Is it safe to travel to Israel? Latest travel news
Watch: Israeli protesters light fire and block highway as Netanyahu sacks minister
06:15 , Namita Singh
Netanyahu still set to attend ‘Summit for Democracy,’ White House says
06:00 , Namita Singh
The White House says Israeli prime minister Benjamin Netanyahu is still set to attend this week’s second “Summit for Democracy” convened by the Biden administration despite widespread protests over proposed legislation that critics say would undermine Israel’s independent judiciary.
National Security Council spokesperson John Kirby told reporters on Monday that Israel remains one of the 121 nations invited to participate in the summit, which will take place virtually and be hosted by the White House on Wednesday.
My colleague Andrew Feinberg reports:
Israel’s Netanyahu still set to attend ‘Summit for Democracy,’ White House says
The fallout from the Israel protests will be felt for years to come
05:45 , Namita Singh
The ‘reforms’ proposed by the hard-right coalition strike at the independence of the judiciary – and take away legal checks and balances on political actions, writes our world affairs editor Kim Sengupta.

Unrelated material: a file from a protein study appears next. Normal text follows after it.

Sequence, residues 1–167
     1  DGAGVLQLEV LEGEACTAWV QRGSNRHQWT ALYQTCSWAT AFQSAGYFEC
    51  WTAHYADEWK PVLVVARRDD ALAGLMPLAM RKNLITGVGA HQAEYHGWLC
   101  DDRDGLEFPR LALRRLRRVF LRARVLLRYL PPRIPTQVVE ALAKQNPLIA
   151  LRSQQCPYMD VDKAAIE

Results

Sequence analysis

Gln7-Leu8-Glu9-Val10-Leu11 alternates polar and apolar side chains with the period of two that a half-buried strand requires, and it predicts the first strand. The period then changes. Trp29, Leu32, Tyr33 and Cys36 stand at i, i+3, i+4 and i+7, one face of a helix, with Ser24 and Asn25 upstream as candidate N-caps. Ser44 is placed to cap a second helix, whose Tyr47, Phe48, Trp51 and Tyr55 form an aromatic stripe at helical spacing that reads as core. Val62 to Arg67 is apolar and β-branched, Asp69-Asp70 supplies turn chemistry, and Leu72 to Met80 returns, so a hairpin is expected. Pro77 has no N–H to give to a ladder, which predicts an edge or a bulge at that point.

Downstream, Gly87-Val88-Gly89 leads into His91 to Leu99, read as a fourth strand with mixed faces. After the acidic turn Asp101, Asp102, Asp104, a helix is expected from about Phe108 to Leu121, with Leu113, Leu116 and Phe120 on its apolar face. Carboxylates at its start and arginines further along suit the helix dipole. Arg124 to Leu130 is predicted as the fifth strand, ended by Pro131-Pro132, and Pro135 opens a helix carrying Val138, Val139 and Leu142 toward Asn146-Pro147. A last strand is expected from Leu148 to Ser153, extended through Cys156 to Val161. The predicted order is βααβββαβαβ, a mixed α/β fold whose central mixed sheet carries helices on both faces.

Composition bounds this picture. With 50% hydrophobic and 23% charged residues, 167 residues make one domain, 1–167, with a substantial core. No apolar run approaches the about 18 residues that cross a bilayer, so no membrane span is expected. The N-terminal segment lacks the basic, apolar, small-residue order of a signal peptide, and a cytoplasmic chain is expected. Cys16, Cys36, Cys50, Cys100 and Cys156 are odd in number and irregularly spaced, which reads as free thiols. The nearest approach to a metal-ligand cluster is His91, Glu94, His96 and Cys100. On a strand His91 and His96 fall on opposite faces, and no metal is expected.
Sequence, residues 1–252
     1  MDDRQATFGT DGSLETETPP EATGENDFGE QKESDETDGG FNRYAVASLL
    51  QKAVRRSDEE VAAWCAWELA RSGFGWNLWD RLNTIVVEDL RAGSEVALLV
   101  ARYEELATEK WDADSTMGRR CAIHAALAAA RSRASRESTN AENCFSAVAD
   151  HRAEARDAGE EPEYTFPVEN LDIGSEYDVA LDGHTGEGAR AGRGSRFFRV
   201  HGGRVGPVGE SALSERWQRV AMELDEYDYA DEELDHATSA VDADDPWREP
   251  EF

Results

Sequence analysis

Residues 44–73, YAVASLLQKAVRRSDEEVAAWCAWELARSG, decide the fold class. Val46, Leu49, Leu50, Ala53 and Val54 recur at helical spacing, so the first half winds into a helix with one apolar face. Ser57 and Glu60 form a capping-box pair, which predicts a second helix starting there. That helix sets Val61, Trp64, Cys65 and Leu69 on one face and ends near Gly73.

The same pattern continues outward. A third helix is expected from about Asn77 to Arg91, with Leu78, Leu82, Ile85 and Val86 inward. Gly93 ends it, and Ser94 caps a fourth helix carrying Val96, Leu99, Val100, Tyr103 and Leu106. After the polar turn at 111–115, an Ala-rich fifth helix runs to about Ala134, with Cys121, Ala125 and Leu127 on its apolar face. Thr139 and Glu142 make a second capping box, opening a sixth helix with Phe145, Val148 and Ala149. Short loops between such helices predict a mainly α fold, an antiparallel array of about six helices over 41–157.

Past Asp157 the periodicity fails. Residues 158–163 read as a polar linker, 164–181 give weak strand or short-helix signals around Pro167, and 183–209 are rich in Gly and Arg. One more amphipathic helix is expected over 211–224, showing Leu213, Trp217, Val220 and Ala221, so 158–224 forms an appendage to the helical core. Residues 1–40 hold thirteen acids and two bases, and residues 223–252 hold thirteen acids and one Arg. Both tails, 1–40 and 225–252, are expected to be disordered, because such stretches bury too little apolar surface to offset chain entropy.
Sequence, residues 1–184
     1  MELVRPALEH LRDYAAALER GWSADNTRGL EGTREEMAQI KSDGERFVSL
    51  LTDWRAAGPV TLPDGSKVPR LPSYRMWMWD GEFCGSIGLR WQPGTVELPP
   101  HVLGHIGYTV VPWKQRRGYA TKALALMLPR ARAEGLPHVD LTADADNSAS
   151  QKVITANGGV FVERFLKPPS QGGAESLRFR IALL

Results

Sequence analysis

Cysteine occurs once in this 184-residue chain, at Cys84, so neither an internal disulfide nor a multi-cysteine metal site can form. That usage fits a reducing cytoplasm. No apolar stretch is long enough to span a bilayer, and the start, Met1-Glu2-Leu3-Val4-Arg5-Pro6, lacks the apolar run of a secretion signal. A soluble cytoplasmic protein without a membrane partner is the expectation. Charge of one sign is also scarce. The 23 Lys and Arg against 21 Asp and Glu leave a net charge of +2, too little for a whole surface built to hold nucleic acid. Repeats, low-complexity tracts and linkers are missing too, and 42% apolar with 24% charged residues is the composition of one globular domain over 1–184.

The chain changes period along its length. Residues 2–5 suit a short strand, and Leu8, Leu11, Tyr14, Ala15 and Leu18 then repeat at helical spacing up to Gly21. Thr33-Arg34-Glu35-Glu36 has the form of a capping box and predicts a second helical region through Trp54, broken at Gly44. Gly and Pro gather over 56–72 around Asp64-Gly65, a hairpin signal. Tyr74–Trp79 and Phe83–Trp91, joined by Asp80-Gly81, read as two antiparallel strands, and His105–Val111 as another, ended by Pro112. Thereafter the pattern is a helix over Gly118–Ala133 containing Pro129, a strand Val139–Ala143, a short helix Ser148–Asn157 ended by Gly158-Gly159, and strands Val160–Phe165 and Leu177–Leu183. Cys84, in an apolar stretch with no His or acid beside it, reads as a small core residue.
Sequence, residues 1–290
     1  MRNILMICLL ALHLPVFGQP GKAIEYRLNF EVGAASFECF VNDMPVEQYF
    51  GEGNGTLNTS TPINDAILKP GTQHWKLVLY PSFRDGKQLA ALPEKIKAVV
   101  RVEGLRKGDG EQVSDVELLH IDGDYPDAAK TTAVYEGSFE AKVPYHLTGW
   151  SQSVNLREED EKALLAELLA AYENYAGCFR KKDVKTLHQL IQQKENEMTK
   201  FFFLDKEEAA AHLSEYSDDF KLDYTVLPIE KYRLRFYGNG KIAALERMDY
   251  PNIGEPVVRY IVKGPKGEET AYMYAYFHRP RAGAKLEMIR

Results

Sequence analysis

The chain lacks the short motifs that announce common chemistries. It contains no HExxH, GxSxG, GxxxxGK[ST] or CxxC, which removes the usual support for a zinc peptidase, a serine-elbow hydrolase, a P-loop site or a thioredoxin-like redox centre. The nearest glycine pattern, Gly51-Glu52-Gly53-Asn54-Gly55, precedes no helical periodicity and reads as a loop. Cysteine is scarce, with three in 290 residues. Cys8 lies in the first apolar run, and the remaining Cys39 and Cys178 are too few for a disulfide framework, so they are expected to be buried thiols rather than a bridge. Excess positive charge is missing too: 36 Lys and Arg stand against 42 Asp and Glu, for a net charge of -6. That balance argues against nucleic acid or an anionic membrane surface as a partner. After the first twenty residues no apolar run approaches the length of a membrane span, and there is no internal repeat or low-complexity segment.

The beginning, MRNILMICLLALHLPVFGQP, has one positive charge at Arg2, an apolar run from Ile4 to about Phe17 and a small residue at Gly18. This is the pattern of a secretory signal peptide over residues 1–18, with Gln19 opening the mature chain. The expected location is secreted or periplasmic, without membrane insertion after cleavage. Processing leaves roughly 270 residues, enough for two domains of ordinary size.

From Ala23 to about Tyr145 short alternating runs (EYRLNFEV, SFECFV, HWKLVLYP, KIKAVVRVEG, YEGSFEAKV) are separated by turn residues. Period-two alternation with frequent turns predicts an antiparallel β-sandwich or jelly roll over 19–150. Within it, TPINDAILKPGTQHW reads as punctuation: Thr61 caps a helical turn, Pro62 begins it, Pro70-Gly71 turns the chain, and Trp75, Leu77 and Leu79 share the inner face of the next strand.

The fallout from the Israel protests will be felt for years to come | Kim Sengupta
Voices: Israelis are reminding us that protests can work – but they’re not a cure-all
05:30 , Namita Singh
History shows that while popular demonstrations can affect change, there is often a backlash, writes Noah Berlatsky.
Israelis are reminding us that protests can work – but they’re not a cure-all
Can I travel to Jerusalem or Tel Aviv?
05:00 , Martha Mchardy
The FCDO current advises against all travel to the following areas only:
- the Sheba’a Farms and Ghajjar
- within 500m of the border with Lebanon (the ‘Blue Line’) east of Metula, including the northern edge of the town and and within 500m of the border with Syria (the ‘Alpha Line’)
It advises against all but essential travel to: